Your Courthouse Wedding Checklist, According to Experts
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Courthouse weddings have undergone a somewhat trendy revival in the last few years. Heck, even Carrie Bradshaw ended up getting married in a label-less dress at City Hall. They’re smaller, low-key affairs that are cost-effective but still romantic. Not to mention they don’t require a year of planning like most traditional big weddings.
And due to the implications of coronavirus (COVID-19), large guest lists are a thing of the past (at least temporarily). Many couples are having to rethink their original nuptial plans. Some may execute intimate virtual weddings over Zoom; others may elope or plan a micro-wedding with proper precautions. And for those looking to simplify the process even further, a courthouse wedding seems like a worthy option.
To give some perspective on just how much goes into a traditional wedding, The Knot’s 2019 Real Weddings Study revealed that the average U.S. wedding costs $33,900 (that’s including the cost of the engagement ring but excluding honeymoon expenses). And because The Knot's study also revealed that more couples are footing the cost of their own weddings, a laid-back courthouse wedding is all the more attractive for those experiencing financial strain or wanting to invest in future investments, like a down payment on a house.
Civil ceremonies (aka courthouse weddings) do take a little bit of planning, though. Before you head to the courthouse to tie the knot, here’s what you need to get in order.
Courthouse wedding checklist:
1. Do your research
Since different municipalities have different requirements, you'll want to start out by checking your local county clerk's website and familiarizing yourself with the rules in the specific county you will be married in. These websites can also provide helpful information on prices, available ceremony dates, and more.
2. Gather documentation for the marriage license
Per U.S. Marriage Laws, couples typically need to provide the following documentation to apply for a marriage license:
- U.S. current photo identification, such as a driver’s license or passport
- Proof of citizenship and/or residence
- Birth certificate
- If previously married, documentation that indicates the end of the previous marriage (divorce certificate, death certificate, etc.)
- Some may also require a Social Security number
3. Apply for the marriage license
According to Kristin Wroblewski, industry expert and owner of On the Go Bride, many municipalities have a waiting period and require you to apply for a marriage license before your wedding date—which sometimes has to be scheduled before even applying! Nonetheless, once your documents are handy, you and your spouse-to-be can head to the courthouse to apply for a license. Remember this is the document that legally binds the two of you together—and plays a big role if you're planning on changing your name. It's also the first step toward getting a marriage certificate that will prove that you are, in fact, married. But marriage licenses do expire (for example, after 90 days), so there's no need to get this done too soon before the ceremony date.
4. Set a courthouse wedding date
Decide on a date that will work for your civil ceremony. Amy Mader, a Texas-based event planner with 25 years of experience, tells HelloGiggles that courthouse weddings require an appointment with a judge (who will officiate the wedding and sign your marriage license) and that most judges post their availability on the county website. Keep in mind that these appointments usually need to be within standard business hours of the courthouse itself, so you'll likely need to schedule something on a weekday between the hours of 8 a.m. and 5 p.m.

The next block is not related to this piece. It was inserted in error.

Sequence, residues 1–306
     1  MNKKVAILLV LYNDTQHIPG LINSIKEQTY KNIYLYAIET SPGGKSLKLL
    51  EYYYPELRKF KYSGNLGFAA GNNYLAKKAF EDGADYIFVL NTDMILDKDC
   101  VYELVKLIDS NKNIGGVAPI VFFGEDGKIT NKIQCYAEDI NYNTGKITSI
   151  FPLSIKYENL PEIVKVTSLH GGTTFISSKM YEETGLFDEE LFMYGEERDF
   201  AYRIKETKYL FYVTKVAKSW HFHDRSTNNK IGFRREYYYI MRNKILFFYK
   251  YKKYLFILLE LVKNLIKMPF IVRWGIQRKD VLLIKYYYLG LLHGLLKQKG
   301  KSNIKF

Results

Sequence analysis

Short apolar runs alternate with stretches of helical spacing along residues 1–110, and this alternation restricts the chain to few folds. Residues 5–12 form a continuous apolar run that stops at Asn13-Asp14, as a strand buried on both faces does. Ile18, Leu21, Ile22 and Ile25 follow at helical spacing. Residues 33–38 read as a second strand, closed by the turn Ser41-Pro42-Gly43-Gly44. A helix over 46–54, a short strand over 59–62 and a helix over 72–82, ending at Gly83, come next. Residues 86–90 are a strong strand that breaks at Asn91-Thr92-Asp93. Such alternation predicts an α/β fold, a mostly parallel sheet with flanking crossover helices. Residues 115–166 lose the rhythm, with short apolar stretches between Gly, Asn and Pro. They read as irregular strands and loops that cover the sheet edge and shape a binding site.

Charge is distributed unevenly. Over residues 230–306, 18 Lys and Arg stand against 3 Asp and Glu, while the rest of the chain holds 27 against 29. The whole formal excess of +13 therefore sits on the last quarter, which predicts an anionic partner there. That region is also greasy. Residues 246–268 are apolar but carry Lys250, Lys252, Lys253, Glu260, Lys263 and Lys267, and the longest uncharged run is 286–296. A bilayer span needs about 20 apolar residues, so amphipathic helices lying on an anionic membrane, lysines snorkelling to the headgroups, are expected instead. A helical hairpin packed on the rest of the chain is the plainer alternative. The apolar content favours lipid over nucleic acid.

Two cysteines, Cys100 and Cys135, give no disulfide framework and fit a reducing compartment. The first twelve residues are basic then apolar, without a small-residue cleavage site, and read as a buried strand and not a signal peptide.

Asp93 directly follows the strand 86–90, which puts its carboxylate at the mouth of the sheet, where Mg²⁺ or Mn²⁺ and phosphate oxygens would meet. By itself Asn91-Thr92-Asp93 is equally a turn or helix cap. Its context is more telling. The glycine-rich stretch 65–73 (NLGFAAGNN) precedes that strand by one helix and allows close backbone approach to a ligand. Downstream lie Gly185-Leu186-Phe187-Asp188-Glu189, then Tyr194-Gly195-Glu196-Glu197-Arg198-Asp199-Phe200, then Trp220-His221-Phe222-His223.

5. Pay marriage application and ceremony fees
Courthouse weddings are definitely cheaper than an average wedding, but there are a few fees involved. U.S. Marriage Laws reports that fees for marriage licenses can range from as low as $10 to as high as $115, but the average cost is somewhere between $35 and $50. The cost varies based on county, city, or municipality, residential status, and—in some cases—completion of pre-marital counseling or an education course. Additionally, there is usually a small civil ceremony fee of around $35.
6. Secure a witness, if necessary
Some states require the signature of two witnesses that are present to testify to the circumstances in which the wedding ceremony was performed. You can check your state's requirements here, and if you need a witness or two, determine who you would like to share the special moment with beforehand.
7. Invite select family or friends
"Typically at a courthouse wedding, the attendees are either just the bride and groom [or] immediate family," says Mader. "However, they sometimes extend to honor attendants." Again, you'll need to check in with your county courthouse on the specific rules for this (along with potential coronavirus restrictions), but if you are allowed a few select invites, let your people know so they can coordinate logistics.
8. Plan out the post-ceremony celebration
After completing the paperwork and attending the ceremony itself, it's time for the fun part! Whether you choose to celebrate with just your new spouse, invite a few friends and family to join you in a socially distanced hangout, or even decide to throw a larger party at a future date, think about the way you want to mark this joyous and monumental occasion. The good news about a courthouse wedding is that it's made official then and there, as your marriage license can be processed into a certificate without the officiant having to mail it back to the municipality. So, once all is said and done, you can enjoy your newlywed life.